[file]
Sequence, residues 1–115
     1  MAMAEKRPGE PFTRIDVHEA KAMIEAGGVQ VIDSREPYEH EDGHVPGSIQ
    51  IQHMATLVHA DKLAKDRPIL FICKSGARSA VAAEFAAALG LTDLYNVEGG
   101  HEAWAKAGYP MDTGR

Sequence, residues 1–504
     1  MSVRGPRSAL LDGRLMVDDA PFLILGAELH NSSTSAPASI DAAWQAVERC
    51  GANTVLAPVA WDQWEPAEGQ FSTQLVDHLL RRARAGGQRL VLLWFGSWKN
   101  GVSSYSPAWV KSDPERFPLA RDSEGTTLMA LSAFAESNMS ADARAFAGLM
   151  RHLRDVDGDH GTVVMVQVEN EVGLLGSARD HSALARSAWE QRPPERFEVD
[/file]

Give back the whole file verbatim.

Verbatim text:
Sequence, residues 1–115
     1  MAMAEKRPGE PFTRIDVHEA KAMIEAGGVQ VIDSREPYEH EDGHVPGSIQ
    51  IQHMATLVHA DKLAKDRPIL FICKSGARSA VAAEFAAALG LTDLYNVEGG
   101  HEAWAKAGYP MDTGR

Sequence, residues 1–504
     1  MSVRGPRSAL LDGRLMVDDA PFLILGAELH NSSTSAPASI DAAWQAVERC
    51  GANTVLAPVA WDQWEPAEGQ FSTQLVDHLL RRARAGGQRL VLLWFGSWKN
   101  GVSSYSPAWV KSDPERFPLA RDSEGTTLMA LSAFAESNMS ADARAFAGLM
   151  RHLRDVDGDH GTVVMVQVEN EVGLLGSARD HSALARSAWE QRPPERFEVD